Since the mythical Romulus and Remus and the founding of Rome, to the very real domestication of wolves by our cave-dwelling ancestors, humankind has long had a relationship with wolves. In more recent times the relationship has been strained, as humans encroached onto the wolf’s range and sought to eradicate them - out of an often irrational fear for personal safety and a more cold-blooded desire to keep wolves away from livestock.

During the first half of the 20th century, millions of wolves were trapped, poisoned and shot in the U.S. Though wolves, as apex predators, are vital to maintaining a healthy ecosystem balance, the calculated persecution of wolves continued until they were nearly wiped out throughout the lower 48 states.

In the early 1970s in the U.S., humans started to recognize the importance of wolves, culminating in the listing of the first subspecies - the Northern Rocky Mountain wolf - under the Endangered Species Act (ESA) in 1974. The listing of further subspecies followed and wolf numbers increased. Though still at a fraction of their original population, over 5,000 wolves in the lower 48 states nowoccupy a small portion of their historic range.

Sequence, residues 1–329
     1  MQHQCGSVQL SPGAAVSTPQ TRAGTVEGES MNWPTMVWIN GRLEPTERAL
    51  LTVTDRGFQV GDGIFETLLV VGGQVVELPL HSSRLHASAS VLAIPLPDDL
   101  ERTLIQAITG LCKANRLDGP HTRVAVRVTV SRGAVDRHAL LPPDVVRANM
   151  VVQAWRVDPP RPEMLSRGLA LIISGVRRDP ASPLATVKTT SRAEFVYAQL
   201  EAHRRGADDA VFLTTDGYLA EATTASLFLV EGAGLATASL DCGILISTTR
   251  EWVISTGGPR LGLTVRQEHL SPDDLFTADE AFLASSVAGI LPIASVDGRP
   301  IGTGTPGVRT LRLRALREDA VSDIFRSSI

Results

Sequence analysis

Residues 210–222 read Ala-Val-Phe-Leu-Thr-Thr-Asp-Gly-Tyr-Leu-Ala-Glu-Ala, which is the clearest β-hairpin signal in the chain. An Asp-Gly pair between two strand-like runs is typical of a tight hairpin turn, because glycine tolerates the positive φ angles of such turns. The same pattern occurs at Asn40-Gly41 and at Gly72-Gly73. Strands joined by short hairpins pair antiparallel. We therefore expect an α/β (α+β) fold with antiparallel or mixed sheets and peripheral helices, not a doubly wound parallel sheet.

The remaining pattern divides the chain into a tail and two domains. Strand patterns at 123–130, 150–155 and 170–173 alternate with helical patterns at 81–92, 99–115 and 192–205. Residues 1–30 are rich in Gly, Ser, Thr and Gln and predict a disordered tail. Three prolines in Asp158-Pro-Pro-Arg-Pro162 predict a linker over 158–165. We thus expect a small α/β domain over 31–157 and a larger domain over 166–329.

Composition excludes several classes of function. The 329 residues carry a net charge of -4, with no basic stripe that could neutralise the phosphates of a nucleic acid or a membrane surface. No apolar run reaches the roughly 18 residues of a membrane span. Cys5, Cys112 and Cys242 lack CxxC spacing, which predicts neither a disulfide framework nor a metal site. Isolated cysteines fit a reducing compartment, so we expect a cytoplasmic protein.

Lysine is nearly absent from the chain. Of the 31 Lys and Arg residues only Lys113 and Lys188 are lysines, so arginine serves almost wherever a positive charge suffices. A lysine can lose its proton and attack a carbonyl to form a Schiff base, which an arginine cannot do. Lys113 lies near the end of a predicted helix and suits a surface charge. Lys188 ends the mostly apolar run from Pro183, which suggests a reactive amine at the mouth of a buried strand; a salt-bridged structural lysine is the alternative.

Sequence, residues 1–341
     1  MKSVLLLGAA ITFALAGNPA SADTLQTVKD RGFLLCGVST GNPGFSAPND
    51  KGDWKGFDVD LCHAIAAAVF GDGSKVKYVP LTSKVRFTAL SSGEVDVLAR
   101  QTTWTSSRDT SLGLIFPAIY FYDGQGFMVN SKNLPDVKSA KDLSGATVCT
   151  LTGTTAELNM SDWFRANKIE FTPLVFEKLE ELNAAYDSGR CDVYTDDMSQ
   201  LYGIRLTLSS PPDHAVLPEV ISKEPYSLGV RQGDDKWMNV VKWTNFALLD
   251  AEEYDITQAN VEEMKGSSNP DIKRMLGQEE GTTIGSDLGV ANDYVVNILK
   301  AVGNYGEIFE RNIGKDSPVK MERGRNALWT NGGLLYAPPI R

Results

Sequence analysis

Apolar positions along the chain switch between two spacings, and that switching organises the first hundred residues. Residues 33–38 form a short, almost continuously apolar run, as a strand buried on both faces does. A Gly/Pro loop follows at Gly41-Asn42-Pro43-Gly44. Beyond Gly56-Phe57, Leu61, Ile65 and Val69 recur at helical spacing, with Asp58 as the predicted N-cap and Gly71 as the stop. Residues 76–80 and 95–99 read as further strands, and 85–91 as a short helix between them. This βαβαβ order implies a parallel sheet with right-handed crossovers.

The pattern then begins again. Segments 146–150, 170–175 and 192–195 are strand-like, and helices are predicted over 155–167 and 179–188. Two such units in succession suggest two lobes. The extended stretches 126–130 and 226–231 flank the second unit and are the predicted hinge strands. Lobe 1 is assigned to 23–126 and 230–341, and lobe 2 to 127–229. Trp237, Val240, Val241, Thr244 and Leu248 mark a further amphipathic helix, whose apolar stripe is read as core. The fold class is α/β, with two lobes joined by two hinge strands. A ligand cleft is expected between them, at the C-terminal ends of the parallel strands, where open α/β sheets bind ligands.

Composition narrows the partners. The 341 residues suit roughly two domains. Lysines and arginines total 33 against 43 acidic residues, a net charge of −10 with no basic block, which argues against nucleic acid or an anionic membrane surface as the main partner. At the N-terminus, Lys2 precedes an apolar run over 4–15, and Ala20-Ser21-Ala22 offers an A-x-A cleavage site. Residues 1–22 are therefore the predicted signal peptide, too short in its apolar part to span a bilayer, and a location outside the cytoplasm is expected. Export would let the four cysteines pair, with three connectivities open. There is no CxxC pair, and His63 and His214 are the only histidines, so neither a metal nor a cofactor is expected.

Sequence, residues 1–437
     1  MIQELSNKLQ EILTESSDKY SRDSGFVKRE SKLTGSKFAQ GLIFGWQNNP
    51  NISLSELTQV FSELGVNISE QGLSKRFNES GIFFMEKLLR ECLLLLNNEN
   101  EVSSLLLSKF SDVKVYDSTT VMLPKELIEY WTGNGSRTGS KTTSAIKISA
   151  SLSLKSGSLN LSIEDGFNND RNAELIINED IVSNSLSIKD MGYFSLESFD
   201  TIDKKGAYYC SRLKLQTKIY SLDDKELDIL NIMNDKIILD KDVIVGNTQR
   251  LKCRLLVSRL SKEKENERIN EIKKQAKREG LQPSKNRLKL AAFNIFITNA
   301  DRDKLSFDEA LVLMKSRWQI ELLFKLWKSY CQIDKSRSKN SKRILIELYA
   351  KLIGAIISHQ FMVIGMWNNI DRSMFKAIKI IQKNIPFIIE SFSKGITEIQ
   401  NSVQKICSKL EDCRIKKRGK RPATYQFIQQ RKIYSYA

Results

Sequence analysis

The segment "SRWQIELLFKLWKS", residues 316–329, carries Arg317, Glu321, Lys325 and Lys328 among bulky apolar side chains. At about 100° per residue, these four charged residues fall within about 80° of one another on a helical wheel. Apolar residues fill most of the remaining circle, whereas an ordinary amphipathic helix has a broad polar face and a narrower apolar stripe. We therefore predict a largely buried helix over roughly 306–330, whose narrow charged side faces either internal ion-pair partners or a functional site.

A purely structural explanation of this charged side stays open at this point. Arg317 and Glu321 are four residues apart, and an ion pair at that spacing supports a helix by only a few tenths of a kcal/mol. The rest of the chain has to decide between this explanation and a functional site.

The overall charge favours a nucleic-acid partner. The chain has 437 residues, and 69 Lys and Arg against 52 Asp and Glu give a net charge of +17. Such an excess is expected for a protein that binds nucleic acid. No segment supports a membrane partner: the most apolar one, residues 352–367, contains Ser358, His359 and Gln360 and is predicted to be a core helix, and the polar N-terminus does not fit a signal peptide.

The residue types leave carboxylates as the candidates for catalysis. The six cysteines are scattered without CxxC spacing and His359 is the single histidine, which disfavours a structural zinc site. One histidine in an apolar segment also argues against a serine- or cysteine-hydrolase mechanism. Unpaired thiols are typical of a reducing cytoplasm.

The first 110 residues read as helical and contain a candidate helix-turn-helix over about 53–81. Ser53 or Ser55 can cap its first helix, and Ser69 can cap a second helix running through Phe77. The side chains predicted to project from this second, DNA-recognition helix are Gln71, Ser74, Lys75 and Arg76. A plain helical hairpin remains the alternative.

Without the protections provided by the ESA, wolves could not have begun to resume their critical ecological role in wild America. Although they are subjected even now to unwarranted and heavy-handed lethal management techniques, the return of wolves to Yellowstone, central Idaho, and elsewhere has been among America’s greatest conservation victories. Ironically, their growing numbers are being used as a reason to disqualify them from federal protection.

Due to expanding human populations, wolves now struggle to survive in fragmented habitats in close proximity with human settlements. This fragmentation puts wolf populations at risk of genetic bottlenecking due to inbreeding and human-wolf conflicts.